Tuesday, May 31, 2011

Irish Summer Season

Ben Cohen Retires

Ben Cohen is retiring to spend more time on the cause to stop bullying and homophobia. What a man!

Memorial Day USA

An Irish hot dog for your Memorial Day cookout.

Obama In Dublin

Got to see Obama in Dublin last week and then had to head right out to sea for a few days. He seemed to be very popular here and even won over more fans when he drank almost a full glass of Guinness.

Playing On The Same Team

Giving new meaning to the sport term, "Coming from behind."

Friday, May 20, 2011

Heineken Cup Final

Gordon D'Arcy and Leinster will face the Northampton Saints in Saturday's Heineken Cup final at the Millennium Stadium, Cardiff in a match up that includes six Irish national players.

Irish National Stud Visit

I can vouch the horses aren't the only studs in Ireland!

Bloody Sunday Remembrance

On 21 November 1920, during the War of Independence, 13 spectators and one player were killed when British forces opened fire at a football match at the home of Gaelic sports at Croke Park.

Earlier that day, IRA assassination squads had shot dead 14 suspected British intelligence agents in Dublin.

During the first visit by a British monarch to Ireland in 100 years, Queen Elizabeth visited Croke Park stadium in Dublin.

The Queen was met at the main entrance of Croke Park by Gaelic Athletic Association president Mr Cooney and President Mary McAleese, who is hosting the visit.

A display of Irish set dancing was followed by a meeting with GAA officials.

The BBC royal correspondent Peter Hunt said the Queen walking out on the hallowed nationalist turf at Croke Park represented "the once unimaginable becoming the norm".

Addressing the Queen, Mr Cooney said the visit would underpin and advance the peace process and "go down in the history of the GAA. Your presence does honour to our Association, to its special place in Irish life, and to its hundreds of thousands of members."

The Queen was presented with a limited edition book outlining the GAA's history, and Prince Philip was presented with a hurley stick and a sliothar (hurling ball), with the aside that he should use it "in the back garden".

Dublin footballer Kevin Nolan, who was one of four players from across Ireland to meet the Queen at Croke Park, told Radio Ulster's Evening Extra it was a "great honour" to represent the GAA at the event.

Her speech at Wednesday's state dinner is likely to acknowledge past UK-Irish difficulties without offering an apology, he added.

A Moment Of Silence And Respect

A day after Queen Elizabeth paid respect to those Irish who died in the struggle against Britain for Irish freedom she attended a ceremony and laid a wreath honoring almost 50,000 soldiers at the Irish National War Memorial.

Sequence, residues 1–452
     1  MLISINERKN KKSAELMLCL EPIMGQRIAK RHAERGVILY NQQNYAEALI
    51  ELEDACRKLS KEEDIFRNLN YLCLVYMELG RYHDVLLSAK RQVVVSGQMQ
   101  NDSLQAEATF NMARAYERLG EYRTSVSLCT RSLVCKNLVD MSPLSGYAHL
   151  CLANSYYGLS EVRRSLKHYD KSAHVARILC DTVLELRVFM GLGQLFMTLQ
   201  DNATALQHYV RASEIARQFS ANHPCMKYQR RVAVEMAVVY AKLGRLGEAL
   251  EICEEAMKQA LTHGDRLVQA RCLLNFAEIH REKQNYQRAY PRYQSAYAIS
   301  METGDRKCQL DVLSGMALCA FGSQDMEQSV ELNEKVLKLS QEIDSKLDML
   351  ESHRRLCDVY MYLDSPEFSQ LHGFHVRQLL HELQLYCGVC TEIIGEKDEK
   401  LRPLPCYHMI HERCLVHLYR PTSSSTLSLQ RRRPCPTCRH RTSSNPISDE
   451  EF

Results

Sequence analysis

The Queen's attendance at the ceremony honoring the Irish soldiers who died in World War I reflects an aspect of history that has been troubling for her hosts.

For decades, when the focus of admiration was on the rebels who fought and died in the 1916 Easter Rising, the soldiers' contribution went unrecognized.

Northern Ireland First Minister Peter Robinson, who was among the dignitaries at the ceremony, said: "Everyone remembers the past but we have to look to the future, but there are clear indications as a society - in the UK and Republic - people are moving on.

Queen Visits The Guiness Storehouse

Monday, May 2, 2011

Death Of A Madman

Woke up this morning to the news that US Forces found and killed Osama Bin Laden. I'm watching online the crowds in the US out in the street waving flags and chanting USA. This must be what it felt like to hear the news of Hitlers death, which ironically was also announced to the world on the first of May.

I can't help but think of all the innocent people who died because of his actions. He caused the death of many, not only on September 11th, but also all of the other terrorist attacks in Africa and the Middle East and the wars that continue.

Former President George W. Bush
Earlier this evening, President Obama called to inform me that American forces killed Osama bin Laden, the leader of the al Qaeda network that attacked America on September 11, 2001. I congratulated him and the men and women of our military and intelligence communities who devoted their lives to this mission. They have our everlasting gratitude. This momentous achievement marks a victory for America, for people who seek peace around the world, and for all those who lost loved ones on September 11, 2001. The fight against terror goes on, but tonight America has sent an unmistakable message: No matter how long it takes, justice will be done.

Jack Lynch, 75, who lost his son, New York City firefighter Michael Francis Lynch
"The first thought I had in my mind was that it didn't bring my son back. You cut the head off a snake, you'd think it would kill the snake. But someone will take his place. People like him still exist. The fact that he's gone is not going to stop terrorism."

"I understand that bin Laden was an evil person. He may have believed in what he was doing. I'm not going to judge him. I'm sure some people will look at this and they'll be gratified that he's dead, but me personally, I'm going to leave his fate in God's hands."

Irish Sea